Complication rate in our study was 35.7% which are higher than that reported by of Idriss et al in Mauritania who reported 12% of their cases had complications.15 Wound infection was the most common complication in our patients (14.3%), this is comparable with other study24 where the incidence sepsis was 11.3%, this is also agreed with the finding of other study which reported Surgical site infection has been found to be the most common postoperative complication where it accounted for 8.9% of cases in Nigerian study.(13)

Other study was reported a much lower incidence rate of sepsis following abdominal trauma (2%).(25) Many factors can play an important role in the occurrence of sepsis, of which early recognition of the complications, early use of antibiotics and advanced intensive care units in study.15 Furthermore, the fact that bowel injuries associated with abdominal traumas led to heavy contamination of the peritoneum and consequently, the wound that reported by (Dodiyi-Manuel, Jebbin et al. 2015).(13)

The cases of the present study stayed on hospital for period ranged from 1 to 100 days, of them; 41.4% hospital stay was 1 – 2 weeks and 30.0% the hospital stay was less than 1 week. This finding of our study higher when compared to that of other studies in which Hospital stay ranged from 0 to 7 days in 44 (55%) cases and 8–15 days in 36 (45%) cases in Egyptian hospitals in study.16 Other study reported a hospital stay of 5.83 days with range of (2 - 19 days).15 Whereas other author reported a range of hospital stay of (1-410).14Difference in hospital stay between studies might be due to the variety in the procedures performed, complications occurred, organs involved, and time of admission. A study concluded that doing unnecessary laparotomy increases the hospital stay period. (26)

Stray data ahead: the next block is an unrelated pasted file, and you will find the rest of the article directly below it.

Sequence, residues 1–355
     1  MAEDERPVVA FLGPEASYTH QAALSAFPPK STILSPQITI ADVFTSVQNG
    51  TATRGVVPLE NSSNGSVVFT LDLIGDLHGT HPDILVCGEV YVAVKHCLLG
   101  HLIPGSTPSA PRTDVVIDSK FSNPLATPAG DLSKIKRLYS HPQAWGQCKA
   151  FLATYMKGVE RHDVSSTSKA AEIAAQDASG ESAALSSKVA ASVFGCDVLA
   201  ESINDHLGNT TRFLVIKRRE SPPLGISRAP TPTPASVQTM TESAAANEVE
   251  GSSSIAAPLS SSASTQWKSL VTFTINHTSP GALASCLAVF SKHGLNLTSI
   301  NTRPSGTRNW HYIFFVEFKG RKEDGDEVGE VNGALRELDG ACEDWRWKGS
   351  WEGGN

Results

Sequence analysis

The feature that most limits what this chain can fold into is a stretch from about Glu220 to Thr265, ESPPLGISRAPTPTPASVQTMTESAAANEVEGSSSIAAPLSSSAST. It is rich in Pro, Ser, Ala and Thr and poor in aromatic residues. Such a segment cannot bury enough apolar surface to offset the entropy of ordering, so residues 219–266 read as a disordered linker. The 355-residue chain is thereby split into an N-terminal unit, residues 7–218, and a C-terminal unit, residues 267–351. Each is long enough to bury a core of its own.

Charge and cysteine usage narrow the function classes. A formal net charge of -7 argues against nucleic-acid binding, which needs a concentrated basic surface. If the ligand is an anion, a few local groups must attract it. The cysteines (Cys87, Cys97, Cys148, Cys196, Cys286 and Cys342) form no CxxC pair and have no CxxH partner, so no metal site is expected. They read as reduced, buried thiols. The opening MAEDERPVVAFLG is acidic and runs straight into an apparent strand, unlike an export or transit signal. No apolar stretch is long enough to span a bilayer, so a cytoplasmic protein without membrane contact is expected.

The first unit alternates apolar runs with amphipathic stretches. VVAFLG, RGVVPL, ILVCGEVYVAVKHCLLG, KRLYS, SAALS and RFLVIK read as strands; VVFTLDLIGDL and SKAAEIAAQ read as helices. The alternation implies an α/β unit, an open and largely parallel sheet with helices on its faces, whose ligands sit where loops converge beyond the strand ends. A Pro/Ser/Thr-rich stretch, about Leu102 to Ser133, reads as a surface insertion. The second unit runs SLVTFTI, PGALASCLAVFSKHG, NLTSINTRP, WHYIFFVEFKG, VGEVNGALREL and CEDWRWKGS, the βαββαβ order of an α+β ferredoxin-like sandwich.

Mortality rate of the present study was about 7.1% mortality, this percentage is comparable with that of other studies in which the mortality rate was 10.1% in Aldemir’s et al study in Belgica (Aldemir, Tacyildiz et al. 2004)28, 16% in Turkish study by (Karamercan, Yilmaz et al. 2008)20 and 7.25% in Iranian study by (Baradaran, Salimi et al. 2007). (27)


Conclusion

Penetrating injuries were more prevalent compared to blunt injuries, as the mechanism of injury was mostly due to gunshots and stab actions. The most frequently injured abdominal organ includes ilium, followed by liver, and stomach. Operative intervention was the therapeutic option for most patients with abdominal traumas 47(77.0%) in the present study. Wound infection was the most common complications followed by UTI and DVT.